I highly recommend talking with your counselor at school and bring up any concerns you have about your major and what you like, its still early switching shouldn’t be much of an issue. Regardless they are they to help you with these sorts of things and walk you through the process, be sure to leverage them.
Regardless of what you end up doing, good luck, keep building, keep learning!
@florian.s thank you for your advice. The projects that you have made are really inspiring. Keep up the good work. I also have a big dream and a big project I want to accomplish in the near future. It only does not involve me but also my country since we are a bit left behind in technology compared to other developing countries. I don’t know what it is yet but I believe this path could lead me closer to my goal.
@bradtaniguchi thank you for this information. I did a lot of research about those three courses a few months ago before entering the university and computer engineering took my attention. I did want to choose computer science but I thought to myself that I don’t want to stick in the software side only, I want to know more about how things work on the hardware too. Being able to apply my code to a machine, robot or something is a really rewarding feeling. It just makes me sad that I can’t take the full advantage of learning in college because it’s all online and I am always at home.
I will try to take your advice in talking with my counselors about concerns of my major. I still hope I don’t think about switching because I don’t want to waste any precious time.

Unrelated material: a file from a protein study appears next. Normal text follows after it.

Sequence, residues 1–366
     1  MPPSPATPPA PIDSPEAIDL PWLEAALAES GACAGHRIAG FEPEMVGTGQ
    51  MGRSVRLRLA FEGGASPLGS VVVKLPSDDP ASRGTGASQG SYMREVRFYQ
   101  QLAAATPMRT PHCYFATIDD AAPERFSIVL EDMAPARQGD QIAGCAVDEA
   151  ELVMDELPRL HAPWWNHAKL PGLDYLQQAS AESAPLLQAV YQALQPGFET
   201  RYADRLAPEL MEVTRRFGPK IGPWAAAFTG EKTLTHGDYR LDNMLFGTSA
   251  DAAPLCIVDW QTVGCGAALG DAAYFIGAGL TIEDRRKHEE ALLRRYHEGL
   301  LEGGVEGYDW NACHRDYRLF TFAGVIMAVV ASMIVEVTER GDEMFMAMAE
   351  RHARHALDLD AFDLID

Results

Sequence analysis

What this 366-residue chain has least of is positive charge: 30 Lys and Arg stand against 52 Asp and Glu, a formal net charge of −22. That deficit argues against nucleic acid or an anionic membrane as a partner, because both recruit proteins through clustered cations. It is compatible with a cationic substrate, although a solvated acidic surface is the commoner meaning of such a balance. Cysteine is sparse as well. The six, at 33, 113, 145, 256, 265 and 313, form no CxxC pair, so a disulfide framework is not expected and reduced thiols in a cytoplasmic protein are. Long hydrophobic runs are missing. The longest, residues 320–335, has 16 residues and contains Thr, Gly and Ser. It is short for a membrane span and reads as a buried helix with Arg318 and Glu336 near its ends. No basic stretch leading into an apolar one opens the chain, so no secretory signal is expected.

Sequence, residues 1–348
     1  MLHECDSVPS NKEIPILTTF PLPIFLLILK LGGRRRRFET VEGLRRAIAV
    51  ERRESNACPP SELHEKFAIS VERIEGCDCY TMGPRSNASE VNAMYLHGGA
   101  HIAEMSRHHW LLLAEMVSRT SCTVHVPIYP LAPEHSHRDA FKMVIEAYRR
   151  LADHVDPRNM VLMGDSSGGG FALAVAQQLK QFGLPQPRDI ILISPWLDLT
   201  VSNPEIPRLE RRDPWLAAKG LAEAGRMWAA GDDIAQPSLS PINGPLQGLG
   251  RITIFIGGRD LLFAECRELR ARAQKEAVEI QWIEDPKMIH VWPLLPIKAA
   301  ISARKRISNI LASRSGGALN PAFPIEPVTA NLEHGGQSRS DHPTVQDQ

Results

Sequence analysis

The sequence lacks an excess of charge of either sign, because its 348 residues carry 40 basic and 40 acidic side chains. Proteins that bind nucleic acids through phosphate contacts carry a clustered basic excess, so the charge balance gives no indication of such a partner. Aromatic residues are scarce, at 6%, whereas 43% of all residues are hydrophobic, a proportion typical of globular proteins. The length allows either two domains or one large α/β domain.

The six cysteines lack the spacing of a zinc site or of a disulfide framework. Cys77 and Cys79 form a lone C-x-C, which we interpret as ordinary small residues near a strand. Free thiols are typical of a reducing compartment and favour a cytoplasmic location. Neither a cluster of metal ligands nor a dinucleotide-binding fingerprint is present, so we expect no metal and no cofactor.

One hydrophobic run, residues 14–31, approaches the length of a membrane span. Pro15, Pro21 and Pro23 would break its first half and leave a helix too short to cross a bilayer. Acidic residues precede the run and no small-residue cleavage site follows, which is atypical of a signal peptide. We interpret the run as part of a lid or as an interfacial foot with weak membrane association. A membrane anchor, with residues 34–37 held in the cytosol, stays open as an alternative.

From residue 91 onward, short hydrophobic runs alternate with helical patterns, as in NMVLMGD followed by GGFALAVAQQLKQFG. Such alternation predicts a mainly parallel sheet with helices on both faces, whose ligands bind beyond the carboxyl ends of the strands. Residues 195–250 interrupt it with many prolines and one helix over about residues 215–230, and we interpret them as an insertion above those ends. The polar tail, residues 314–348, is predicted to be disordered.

All three of those majors (or similar) have a lot of overlap, so odds are you wouldn’t have to repeat almost anything and should be able to re-use your coursework between them.
This is still pretty “high level” stuff, until you start getting into the lowest levels where you start talking about the actual hardware, IE the logic gates, and physics of the actual hardware. The sort of code you’d write here would be low-level code that acts more as a bridge between the hardware and higher levels.
Examples I can think of would be something like learning how to build a calculator from the actual hardware to the interface buttons. In this scenario there is no actual “code” per-say, it’s all engineering.
Another would be writing assembly code that directly interacts with the system and is a near translation to the actual 1s and 0s running on the hardware. From there you could be writing code that ends up as a driver or some kind.
All three have some overlap, so you’d get an idea of how the entire process works, but you only end up focusing on some areas of it later. This is why I can give a rough idea of how the lowest levels work, even though I’m not a Computer Engineer. I had roughly 3 classes dedicated to “low levels” of computing. The rest focused more on the higher levels, math and theoretical theory underpinning programming. I assume Computer Engineering would focus more on the actual engineering of computers instead.
Due to this overlap between the multitude of majors, you could stick with your major and still get a “programmer job” later, if that is what you desire. As long as you understand how computers work, and how to program you should be ok.
Regardless of what you do, your right to think “computers are the future”.